Staphylococcus saprophyticus responsible for urinary tract infections has been identified as a foodborne pathogen
The meat industry may be a possible major source of S. saprophyticus, which causes human urinary tract infections (UTIs).

The EREN network received information on the 2021 spring meeting from the German authority on Staphylococcus saprophyticus, based on a publication published in February 2021. The study found epidemiological and genomic evidence that the meat industry is a potential major source of S. saprophyticus, which causes human urinary tract infections (UTIs).

S. saprophyticus is a Gram-positive bacterium that is a common cause of urinary tract infections, especially in young women. S. saprophyticus was thought to be essentially endogenous, found in the human intestinal tract, where it often colonises, causing UTIs. Urinary tract infections caused by S. saprophyticus have a higher rate of successful treatment than, for example, UTI caused by Escherichia coli, but a higher incidence of recurrent infections. A rare complication of S. saprophyticus UTI may be acute pyelonephritis, nephrolithiasis and endocarditis.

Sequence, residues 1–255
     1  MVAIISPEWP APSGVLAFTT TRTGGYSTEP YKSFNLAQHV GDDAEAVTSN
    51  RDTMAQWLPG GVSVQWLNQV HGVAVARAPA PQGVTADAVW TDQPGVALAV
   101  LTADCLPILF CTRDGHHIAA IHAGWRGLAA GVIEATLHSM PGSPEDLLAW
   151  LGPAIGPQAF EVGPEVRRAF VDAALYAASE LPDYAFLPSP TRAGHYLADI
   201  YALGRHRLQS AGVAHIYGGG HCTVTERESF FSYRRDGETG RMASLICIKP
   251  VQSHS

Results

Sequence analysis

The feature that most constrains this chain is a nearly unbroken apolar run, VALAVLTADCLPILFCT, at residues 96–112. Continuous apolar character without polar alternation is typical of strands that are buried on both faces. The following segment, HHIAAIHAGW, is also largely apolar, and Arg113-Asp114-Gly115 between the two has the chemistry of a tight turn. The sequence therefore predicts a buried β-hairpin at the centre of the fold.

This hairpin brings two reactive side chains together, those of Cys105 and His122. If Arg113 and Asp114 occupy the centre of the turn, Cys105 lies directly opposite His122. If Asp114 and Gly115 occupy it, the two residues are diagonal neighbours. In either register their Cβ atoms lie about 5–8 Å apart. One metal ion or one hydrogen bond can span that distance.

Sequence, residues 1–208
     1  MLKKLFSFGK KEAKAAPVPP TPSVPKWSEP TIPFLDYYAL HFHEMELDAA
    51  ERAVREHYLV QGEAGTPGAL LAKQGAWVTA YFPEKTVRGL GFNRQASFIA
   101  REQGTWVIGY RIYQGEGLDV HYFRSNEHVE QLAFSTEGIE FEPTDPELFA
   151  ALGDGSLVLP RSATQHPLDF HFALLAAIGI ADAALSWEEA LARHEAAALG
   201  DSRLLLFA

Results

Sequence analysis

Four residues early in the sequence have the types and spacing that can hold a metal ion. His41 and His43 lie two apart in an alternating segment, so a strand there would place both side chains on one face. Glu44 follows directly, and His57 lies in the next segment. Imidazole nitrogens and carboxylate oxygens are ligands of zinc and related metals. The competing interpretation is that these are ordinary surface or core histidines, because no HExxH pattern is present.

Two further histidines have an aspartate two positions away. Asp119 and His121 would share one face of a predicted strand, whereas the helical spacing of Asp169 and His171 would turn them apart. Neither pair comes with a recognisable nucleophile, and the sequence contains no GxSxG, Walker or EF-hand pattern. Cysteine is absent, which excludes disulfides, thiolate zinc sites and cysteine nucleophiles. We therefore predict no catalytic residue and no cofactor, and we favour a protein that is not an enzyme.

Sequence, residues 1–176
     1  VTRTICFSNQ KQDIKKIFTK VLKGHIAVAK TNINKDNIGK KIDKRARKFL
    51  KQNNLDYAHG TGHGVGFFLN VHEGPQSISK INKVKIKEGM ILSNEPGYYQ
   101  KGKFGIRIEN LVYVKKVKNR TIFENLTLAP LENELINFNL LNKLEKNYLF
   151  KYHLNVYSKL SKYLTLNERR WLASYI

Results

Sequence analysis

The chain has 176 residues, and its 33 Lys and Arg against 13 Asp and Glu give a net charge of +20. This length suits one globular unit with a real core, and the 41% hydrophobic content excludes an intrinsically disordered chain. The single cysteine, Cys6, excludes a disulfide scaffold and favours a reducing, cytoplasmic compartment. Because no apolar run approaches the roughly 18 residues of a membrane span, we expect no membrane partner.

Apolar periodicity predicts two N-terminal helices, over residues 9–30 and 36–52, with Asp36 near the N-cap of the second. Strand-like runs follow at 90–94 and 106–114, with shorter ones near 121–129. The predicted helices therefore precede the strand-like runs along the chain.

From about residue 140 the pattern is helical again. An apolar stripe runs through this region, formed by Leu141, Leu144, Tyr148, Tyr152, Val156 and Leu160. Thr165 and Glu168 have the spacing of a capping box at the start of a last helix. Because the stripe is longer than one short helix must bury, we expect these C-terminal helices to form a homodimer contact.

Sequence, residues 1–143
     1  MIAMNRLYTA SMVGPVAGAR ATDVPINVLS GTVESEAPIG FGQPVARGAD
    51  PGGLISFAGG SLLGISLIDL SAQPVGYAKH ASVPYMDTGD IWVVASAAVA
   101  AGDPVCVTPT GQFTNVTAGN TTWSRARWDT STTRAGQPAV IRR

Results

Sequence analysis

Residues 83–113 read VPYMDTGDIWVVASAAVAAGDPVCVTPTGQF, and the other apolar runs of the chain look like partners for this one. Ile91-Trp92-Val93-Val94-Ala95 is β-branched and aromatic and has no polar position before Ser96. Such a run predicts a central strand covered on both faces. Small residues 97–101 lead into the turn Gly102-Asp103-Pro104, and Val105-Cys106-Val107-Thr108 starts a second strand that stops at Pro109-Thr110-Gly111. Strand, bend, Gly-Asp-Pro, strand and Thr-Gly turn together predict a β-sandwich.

S. saprophyticus is also found in the intestinal tract of living animals, but studies to date have found no evidence of a link between S. saprophyticus in animals and S. saprophyticus in humans, although it should be noted that these studies have used small sample sizes.

Lawel et al. (2021) performed a phylogenomic analysis of hundreds of S. saprophyticus isolates from human urinary tract infections collected worldwide. Human isolates were collected between 1997 and 2017, supplemented by a collection during 2016-2017 from the pig-processing chain in a confined region (Portugal). Epidemiological and genomic evidence was found that the meat production chain is a major source of S. saprophyticus causing human urinary tract infections, with human microbiota as another possible source. The pathogenic S. saprophyticus belonged to 2 genetic lineages with distinct genetic features that are globally and locally disseminated. Pangenome-wide approaches have identified a strong association between pathogenicity and antimicrobial resistance, phages, platelet-binding proteins and an increased recombination rate. This research provides insights into the origin, transmission and population structure of pathogenic S. saprophyticus and identifies putative new virulence factors.

In view of this, it would be appropriate for food safety authorities to investigate the presence of S. saprophyticus in the meat production chain, and meat products should also be considered as a possible source of infection in human disease investigations.


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